By Alison Box

PowerPivot

## Why the Excel Vlookup Function is “So Last Year, Darling” – Part 2

In my last blog, I showed you how easy it was to use Power Pivot to produce a Pivot table that pulled in data across two tables, Drinks and Categories (without using a Vlookup).  Well, we’re going to carry on ditching the Vlookup by looking at Power Pivot’s equivalent function, called “Related” Remember in our fictitious wine bar (in down town Billingshurst) we were able to find out that we stock most drinks that are from the “Wines” category;- But… Read More

By Alison Box

PowerPivot

## Why the Excel Vlookup Function is “So Last Year”

If you don’t want to suffer from premature ageing, the most important thing is to move with the times and not get set in your ways.  This might be a traumatic thought for Excel users who have been so attached to the Vlookup Function for the past 20 years that giving it up might be like losing a beloved relative. Why is the Vlookup Function “so last year”?  Well, one of the best new features in Excel 2013 is the… Read More

By Stuart Box

Excel Power BI Resources PowerPivot

## PowerPivot 6 – The Joy of Sets

Time Intelligence Functions One of the most powerful features of PowerPivot is the ability to analysis your data across time periods.  To use the Time Intelligence functions, you must have a table in the PowerPivot window that comprises all the dates from the date range of your data.  For example, my wine sales range is between 1st September 2010 and the current date.  Therefore, I’ve created a Date Table that lists all the dates between these two dates.  I’ve also… Read More

By Stuart Box

Excel Power BI Resources PowerPivot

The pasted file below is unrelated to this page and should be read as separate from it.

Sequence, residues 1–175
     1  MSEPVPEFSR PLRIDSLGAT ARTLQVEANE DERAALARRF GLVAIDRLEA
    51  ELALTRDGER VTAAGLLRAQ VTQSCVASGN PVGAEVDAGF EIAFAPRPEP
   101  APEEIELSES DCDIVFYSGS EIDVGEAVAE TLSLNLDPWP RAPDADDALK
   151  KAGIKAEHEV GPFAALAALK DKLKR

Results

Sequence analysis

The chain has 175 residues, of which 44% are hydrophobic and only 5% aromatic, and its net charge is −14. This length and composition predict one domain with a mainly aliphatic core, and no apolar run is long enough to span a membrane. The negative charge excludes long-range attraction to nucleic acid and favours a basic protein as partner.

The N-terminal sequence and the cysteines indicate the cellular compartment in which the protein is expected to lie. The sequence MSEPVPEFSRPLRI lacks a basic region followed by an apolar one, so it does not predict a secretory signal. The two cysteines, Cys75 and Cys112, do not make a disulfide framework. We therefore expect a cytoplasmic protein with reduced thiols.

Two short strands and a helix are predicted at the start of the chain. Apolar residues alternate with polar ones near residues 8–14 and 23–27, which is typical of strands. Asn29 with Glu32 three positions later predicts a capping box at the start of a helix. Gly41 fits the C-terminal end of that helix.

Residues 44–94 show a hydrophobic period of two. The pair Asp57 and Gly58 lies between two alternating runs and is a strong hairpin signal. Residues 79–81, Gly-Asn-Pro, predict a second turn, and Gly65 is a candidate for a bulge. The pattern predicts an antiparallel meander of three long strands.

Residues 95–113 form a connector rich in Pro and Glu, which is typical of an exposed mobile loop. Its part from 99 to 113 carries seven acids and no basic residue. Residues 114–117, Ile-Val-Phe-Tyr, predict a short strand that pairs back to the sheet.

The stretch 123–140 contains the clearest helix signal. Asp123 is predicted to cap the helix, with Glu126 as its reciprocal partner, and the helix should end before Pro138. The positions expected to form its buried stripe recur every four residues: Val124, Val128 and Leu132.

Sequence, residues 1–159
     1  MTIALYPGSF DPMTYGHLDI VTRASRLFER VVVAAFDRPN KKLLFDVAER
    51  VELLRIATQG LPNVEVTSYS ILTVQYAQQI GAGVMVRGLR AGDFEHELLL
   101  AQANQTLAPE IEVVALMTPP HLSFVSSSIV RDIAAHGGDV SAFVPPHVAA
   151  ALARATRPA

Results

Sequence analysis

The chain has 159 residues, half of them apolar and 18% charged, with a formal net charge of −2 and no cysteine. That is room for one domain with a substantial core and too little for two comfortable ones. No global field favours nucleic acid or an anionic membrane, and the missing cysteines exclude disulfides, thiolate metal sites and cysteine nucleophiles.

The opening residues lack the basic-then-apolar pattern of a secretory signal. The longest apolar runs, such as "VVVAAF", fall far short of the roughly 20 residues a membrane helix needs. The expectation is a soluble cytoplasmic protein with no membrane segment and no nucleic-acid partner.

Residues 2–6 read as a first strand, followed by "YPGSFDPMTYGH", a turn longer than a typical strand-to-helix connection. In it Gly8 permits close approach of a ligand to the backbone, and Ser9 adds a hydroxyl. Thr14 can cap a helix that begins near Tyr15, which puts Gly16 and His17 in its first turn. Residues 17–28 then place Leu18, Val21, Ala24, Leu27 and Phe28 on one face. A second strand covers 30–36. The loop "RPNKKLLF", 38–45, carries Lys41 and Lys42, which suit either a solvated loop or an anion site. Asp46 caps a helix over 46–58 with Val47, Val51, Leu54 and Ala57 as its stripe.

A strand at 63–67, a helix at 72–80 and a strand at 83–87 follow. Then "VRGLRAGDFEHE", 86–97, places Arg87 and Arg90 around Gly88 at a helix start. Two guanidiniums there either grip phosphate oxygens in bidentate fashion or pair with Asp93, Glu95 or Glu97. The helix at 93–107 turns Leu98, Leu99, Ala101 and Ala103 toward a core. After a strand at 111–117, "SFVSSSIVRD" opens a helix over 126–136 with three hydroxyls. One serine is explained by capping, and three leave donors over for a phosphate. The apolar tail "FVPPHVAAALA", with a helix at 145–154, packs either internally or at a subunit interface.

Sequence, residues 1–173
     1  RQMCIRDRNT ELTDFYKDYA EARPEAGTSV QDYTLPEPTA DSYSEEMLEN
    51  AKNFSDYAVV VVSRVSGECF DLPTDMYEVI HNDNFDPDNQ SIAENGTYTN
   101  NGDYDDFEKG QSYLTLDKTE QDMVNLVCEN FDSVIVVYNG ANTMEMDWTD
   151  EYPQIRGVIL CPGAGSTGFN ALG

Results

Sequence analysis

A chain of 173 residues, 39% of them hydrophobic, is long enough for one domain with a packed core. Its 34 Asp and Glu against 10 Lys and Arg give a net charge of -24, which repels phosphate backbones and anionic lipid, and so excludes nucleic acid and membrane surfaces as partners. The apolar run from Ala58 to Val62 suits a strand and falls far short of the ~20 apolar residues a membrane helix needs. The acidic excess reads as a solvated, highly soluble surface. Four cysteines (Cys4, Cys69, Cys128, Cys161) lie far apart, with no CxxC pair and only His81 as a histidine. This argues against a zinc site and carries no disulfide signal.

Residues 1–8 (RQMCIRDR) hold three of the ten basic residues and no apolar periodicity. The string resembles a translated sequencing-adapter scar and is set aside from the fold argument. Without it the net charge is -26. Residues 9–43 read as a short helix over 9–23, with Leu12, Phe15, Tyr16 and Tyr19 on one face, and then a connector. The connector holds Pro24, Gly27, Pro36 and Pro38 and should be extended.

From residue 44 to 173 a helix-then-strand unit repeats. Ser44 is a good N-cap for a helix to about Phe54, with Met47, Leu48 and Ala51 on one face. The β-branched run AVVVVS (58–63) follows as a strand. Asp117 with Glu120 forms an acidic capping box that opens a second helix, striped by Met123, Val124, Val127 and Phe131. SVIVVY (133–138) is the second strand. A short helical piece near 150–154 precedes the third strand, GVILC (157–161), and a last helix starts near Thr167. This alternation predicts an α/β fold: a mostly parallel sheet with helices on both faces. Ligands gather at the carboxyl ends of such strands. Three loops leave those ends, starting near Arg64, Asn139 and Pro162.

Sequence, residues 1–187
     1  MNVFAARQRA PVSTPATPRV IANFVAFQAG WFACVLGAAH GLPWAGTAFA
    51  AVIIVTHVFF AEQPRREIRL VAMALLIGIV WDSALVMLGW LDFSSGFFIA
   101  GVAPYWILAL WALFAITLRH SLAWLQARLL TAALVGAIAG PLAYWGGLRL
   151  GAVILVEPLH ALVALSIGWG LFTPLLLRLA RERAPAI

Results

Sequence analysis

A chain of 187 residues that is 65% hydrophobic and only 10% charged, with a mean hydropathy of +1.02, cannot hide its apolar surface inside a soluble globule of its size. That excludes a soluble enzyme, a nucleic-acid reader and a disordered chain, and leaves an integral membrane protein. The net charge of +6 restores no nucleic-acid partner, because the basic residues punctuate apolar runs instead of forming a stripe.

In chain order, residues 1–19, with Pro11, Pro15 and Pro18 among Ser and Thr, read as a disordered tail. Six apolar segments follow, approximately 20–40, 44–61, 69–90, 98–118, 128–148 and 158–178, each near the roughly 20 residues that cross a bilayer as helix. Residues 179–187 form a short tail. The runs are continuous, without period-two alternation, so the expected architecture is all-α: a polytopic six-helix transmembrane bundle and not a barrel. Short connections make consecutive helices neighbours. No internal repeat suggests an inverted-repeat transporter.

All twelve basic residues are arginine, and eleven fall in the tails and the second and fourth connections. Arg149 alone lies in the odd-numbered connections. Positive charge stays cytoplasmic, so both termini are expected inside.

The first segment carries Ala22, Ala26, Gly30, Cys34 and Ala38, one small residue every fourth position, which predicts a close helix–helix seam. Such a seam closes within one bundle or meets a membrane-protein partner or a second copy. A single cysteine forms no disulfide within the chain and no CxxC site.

## PowerPivot 5 – Measure for Measure

“Our doubts are traitors, and make us lose the good we oft might win, by fearing to attempt.” ― William Shakespeare, Measure for Measure Creating Measures A Measure is a formula that is created specifically for use in the Values area of a PivotTable (or PivotChart), very similar to Calculated Fields in a normal Excel Pivot Table.  However, in PowerPivot a Measure uses DAX functions.  The Values area of a Pivot Table will always require some kind of aggregation and… Read More

By Stuart Box

Excel Power BI Resources PowerPivot

## PowerPivot – 4

Calculations in PowerPivot PowerPivot doesn’t use Excel’s formulas or functions but uses its own special expressions, known as DAX (Data Analysis Expressions). DAX Functions are different from Excel Functions in the following ways:- DAX doesn’t reference single cells or ranges of cells (e.g. B1 or C2:D11). A DAX function always references a complete column or a table. If you want to use only particular values from a table or column, you add filters to the formula. DAX includes functions that… Read More

By Stuart Box

PowerPivot

## PowerPivot – 3

Continuing with our look at PowerPivot. You should now have PowerPivot installed as an add-on to Excel, and configured some data connections to it. My most recent blog post showed how we can create relationships between disparate data imported or connected to PowerPivot. Now, with some data available, we can start to create a Pivot Table. Creating PivotTables with PowerPivot To create a PivotTable from the tables in the PowerPivot window, you can either use the icon on the PowerPivot tab… Read More

By Stuart Box

PowerPivot

## PowerPivot – 2

If you've been following these blog posts, you'll have PowerPivot installed in Excel (click here to read PowerPivot 1). Now we'll start to get some data into PowerPivot, and as you'll see this is one of the most powerful ways you can join together disparate data. Once PowerPivot is installed, click on the PowerPivot Window Icon on the Excel ribbon. This opens the PowerPivot client window, a separate window that controls PowerPivots's access to data. From here you can import data into PowerPivot, as… Read More

By Stuart Box

Excel PowerPivot

## PowerPivot – 1

We've started doing a lot of Training in Microsoft PowerPivot for Excel. This is a wonderful add-on to Excel that allows you to collect data from varying locations and combine than with a PivotTable or Chart. PowerPivot is often used to build Business Intelligence Dashboards in Excel. We've found that people who attend our Training get really excited in what PowerPivot can do. But the first question to answer is "How do I get PowerPivot for Excel". The answer depends… Read More